I always pick companies where work is not required after hours. I work 8 hours a day (plus 30min for break) and go home. Not a minute longer. I enjoy my time during work but that's about it. I can't even access email outside work and don't answer phone over hours - to be honest nobody even expects it.
I try to be efficient in work but it's just work so I set the deadlines in a way that I can have time to learn while making projects (reading EE Times included) to make myself even more efficient and employable.
Yes, engineers tend to put in a lot of hours because they love their work, but many companies take advantage of that to get free labor. Also, when the job market is like it is now, engineers put in more hours to avoid being the next casualty.
Engineers love a challenge. Chasing down a bug successfully can consume hours before you realize it.
There are also "business" reasons for forcing overtime, but in my experience, you seldom get any real benefit for the extra hours you force people to work.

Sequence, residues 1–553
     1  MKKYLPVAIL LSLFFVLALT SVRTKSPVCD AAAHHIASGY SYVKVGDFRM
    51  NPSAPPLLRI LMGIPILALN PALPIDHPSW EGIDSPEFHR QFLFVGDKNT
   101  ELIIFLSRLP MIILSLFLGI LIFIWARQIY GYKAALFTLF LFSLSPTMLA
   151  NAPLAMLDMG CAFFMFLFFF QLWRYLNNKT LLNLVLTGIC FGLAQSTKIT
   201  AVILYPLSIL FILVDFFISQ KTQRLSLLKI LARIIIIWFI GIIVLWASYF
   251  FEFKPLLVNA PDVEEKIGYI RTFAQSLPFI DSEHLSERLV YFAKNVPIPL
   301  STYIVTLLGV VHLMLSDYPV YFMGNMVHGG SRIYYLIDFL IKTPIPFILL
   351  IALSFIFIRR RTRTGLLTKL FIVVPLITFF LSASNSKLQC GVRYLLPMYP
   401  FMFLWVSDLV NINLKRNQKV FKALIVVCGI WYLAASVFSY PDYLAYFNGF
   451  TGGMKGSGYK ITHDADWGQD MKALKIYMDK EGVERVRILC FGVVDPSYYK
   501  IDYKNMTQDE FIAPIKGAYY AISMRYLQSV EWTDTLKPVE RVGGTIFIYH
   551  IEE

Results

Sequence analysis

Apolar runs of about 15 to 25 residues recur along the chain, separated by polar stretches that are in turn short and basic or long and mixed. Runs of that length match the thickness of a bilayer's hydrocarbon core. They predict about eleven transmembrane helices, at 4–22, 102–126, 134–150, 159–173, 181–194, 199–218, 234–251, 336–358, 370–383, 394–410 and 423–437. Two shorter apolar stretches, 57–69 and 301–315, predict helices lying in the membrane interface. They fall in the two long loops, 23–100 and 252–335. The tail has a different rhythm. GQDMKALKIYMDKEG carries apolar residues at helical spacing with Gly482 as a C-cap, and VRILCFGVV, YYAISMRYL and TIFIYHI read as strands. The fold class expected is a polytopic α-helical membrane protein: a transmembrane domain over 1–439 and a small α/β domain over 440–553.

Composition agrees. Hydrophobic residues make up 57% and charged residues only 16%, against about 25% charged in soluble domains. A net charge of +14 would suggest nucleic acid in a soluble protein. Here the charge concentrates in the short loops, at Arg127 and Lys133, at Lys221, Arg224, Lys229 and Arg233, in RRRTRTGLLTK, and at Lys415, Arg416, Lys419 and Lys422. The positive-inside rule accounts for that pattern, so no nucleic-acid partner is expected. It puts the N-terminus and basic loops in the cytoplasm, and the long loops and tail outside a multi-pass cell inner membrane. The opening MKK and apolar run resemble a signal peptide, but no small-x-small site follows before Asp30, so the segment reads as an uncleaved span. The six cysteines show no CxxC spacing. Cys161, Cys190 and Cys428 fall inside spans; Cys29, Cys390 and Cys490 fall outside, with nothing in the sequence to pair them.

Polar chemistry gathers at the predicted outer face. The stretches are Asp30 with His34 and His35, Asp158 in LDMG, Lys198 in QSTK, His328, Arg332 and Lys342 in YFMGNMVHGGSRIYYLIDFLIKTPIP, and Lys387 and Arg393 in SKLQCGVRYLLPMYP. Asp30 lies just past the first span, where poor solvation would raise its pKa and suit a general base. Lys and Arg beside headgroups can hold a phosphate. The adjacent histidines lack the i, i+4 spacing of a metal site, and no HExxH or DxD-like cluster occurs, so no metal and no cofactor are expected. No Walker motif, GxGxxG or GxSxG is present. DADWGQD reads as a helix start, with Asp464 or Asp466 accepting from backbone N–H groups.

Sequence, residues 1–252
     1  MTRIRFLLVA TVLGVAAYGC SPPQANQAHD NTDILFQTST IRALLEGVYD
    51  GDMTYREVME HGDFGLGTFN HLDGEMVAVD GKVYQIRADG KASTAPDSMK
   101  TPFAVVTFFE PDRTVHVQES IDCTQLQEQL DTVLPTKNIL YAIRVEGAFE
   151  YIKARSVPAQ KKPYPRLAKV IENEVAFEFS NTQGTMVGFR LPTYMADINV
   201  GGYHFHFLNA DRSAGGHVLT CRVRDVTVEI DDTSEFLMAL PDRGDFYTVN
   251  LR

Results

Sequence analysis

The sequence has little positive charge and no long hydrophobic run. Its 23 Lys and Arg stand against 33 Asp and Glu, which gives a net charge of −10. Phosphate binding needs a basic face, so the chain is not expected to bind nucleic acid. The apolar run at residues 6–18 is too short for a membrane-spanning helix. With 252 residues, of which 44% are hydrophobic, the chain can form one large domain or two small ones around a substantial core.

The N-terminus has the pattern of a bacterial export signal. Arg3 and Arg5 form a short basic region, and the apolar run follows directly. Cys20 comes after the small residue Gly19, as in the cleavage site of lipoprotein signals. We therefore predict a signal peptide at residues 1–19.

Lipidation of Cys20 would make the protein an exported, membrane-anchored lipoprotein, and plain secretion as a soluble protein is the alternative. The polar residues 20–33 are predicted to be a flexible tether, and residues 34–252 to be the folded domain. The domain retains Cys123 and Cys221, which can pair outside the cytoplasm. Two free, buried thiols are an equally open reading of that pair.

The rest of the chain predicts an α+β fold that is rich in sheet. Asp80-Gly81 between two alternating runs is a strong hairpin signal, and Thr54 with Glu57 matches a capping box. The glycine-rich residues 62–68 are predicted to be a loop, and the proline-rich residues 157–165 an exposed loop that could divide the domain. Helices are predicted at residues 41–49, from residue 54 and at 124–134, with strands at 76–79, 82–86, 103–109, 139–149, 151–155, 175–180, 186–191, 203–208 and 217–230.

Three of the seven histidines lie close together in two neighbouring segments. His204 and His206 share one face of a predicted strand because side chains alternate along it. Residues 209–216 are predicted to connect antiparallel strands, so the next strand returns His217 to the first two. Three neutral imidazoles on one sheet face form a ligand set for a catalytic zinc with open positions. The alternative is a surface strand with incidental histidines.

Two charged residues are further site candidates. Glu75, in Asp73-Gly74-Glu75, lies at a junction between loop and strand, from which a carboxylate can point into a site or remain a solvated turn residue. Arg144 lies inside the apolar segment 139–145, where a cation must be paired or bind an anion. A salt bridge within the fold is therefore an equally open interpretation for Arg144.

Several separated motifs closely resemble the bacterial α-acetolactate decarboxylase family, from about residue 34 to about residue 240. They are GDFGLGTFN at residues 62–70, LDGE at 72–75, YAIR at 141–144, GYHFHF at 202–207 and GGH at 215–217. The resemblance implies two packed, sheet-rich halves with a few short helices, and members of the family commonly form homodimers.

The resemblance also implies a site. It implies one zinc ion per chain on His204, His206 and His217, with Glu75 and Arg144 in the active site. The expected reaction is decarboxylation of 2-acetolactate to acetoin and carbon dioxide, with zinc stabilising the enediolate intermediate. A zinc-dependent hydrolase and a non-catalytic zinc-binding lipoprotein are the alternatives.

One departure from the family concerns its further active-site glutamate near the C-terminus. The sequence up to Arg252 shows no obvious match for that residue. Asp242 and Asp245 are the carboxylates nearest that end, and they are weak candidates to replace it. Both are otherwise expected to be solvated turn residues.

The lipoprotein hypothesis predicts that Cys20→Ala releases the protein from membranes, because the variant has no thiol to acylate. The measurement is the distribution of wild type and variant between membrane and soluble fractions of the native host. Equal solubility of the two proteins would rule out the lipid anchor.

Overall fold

Now when they work because they are excited about the project, thats just magic.
Companies need to encourage the magic without using a whipp. The results benefit all concerned.
Just my opinion.
“Choose a job you love, and you will never have to work a day in your life.” ? Confucius
But that's not always the reason people work long hours. If you are working long hours and it's NOT for the above reason, there's something wrong.
Working for a few hours on weekends, for no pay, is not an imposition if the work can be conducted efficently and if you do it voluntarily. Seems to me that to qualify as a workaholic, a person has to consider himself almost like a martyr. But if you do the work because you feel like it and it's fun anyway, pretty tough to consider yourself a workaholic. Unless you enjoy that term, for some reason.
Drones are, in essence, flying autonomous vehicles. Pros and cons surrounding drones today might well foreshadow the debate over the development of self-driving cars. In the context of a strongly regulated aviation industry, "self-flying" drones pose a fresh challenge. How safe is it to fly drones in different environments? Should drones be required for visual line of sight – as are piloted airplanes? Join EE Times' Junko Yoshida as she moderates a panel of drone experts.